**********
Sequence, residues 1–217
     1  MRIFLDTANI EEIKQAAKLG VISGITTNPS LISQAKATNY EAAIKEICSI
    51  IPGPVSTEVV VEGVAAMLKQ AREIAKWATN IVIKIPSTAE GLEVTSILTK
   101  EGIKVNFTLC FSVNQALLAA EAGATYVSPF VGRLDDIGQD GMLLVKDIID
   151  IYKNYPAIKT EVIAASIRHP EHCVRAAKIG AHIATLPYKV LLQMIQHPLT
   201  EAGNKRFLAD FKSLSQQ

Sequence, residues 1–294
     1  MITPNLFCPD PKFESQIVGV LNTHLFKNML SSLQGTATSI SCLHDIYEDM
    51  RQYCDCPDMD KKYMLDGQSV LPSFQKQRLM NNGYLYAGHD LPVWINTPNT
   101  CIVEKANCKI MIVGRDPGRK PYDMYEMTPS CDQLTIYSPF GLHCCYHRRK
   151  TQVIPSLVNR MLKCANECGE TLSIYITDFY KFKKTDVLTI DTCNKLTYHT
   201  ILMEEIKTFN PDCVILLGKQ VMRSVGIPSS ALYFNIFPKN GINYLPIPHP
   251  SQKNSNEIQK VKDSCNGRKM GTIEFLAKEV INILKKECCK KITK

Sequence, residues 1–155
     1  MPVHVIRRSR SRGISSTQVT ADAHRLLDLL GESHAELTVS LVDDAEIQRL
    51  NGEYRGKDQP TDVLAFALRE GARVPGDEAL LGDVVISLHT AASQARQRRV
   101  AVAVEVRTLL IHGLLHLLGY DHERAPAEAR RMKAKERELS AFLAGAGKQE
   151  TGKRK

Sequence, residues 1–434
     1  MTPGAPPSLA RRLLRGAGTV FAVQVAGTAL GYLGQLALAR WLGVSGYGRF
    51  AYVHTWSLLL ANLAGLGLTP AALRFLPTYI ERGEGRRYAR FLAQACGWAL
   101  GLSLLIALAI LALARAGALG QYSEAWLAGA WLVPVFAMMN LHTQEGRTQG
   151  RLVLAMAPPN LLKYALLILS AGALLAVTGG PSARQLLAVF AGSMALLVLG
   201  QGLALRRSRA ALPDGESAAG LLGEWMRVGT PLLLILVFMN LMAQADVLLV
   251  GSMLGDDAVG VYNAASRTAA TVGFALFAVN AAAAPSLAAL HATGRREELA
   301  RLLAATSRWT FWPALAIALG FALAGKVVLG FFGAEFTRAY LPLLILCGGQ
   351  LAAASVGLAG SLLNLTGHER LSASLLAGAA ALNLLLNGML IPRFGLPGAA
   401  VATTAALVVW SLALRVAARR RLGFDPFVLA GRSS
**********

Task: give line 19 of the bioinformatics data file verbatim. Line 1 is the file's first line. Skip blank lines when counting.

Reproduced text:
Sequence, residues 1–434